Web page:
Tuesday, January 24, 2006

Minority Government

Canada's Conservative party, led by the academic Stephen Harper, swept into the government benches last night with a divided mandate which ended 13 years of Liberal rule at Ottawa's Parliament Buildings.

Wining 124 contests for the 308-seat House of Commons, the CBC reported that Harper's caucus will be 10 seats smaller than the minority government of his predecessor, Paul Martin, who was able to hang onto power for 30 months during which the Liberals were scarred by scandal and internal divisions.

Beyond the new government's first pledge of accountability -- an emphasis which played heavily on the Liberal scandals of the last half-decade -- Harper's intended measures to lower taxes, strengthen defense and reform the justice system to better respond to inner-city crime will all encounter fierce resistance from the opposition blocs which will together command 60 more seats in the Commons than the new government.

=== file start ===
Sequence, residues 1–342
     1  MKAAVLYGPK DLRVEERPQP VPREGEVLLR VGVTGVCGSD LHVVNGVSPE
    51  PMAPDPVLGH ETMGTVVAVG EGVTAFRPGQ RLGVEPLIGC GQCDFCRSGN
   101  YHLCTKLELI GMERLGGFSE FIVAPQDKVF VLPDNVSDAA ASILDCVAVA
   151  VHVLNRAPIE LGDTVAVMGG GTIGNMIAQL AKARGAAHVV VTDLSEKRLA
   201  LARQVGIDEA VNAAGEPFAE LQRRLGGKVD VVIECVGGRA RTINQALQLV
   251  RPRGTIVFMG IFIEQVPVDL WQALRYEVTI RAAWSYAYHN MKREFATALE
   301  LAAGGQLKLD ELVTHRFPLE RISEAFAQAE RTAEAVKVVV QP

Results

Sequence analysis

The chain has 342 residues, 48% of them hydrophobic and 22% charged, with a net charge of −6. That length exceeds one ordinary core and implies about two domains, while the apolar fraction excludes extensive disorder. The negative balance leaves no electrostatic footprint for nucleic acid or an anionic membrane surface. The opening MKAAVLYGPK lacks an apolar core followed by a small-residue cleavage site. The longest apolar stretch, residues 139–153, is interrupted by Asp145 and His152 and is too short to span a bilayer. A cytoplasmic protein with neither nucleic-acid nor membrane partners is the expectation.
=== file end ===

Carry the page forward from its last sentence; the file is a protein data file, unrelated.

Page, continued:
And how do Americans see Canadian polity, again? This snip from the National Post fills us in:

A Fox News vehicle appeared on the streets of Ottawa on Monday apparently in search of a new socially conservative best friend and to report on how anti-Americanism was fuelling the Canadian election campaign.

Brown, who must have lost the newsroom arm wrestling contest, got the Great White North election assignment and referred to being "up here in Canada'' like he was covering the seal hunt rather than the federal vote.

"We're at a polling place in a neighbourhood in Ottawa, which is Canada's national capital,'' he told his viewers, acknowledging the reality not too many of them would know that.

Fox has enjoyed playing the dark Liberal ad that accused Stephen Harper of being George W. Bush's buddy-in-waiting and this was a perfect opportunity to run it again: "The Liberals have tried to blunt the Conservative charge by running some anti-American TV attack ads.''

Cue Anti-American attack ad.

That's right, folks. In the (regrettably) dominant American mindset, even when it's not about America, it's still about America.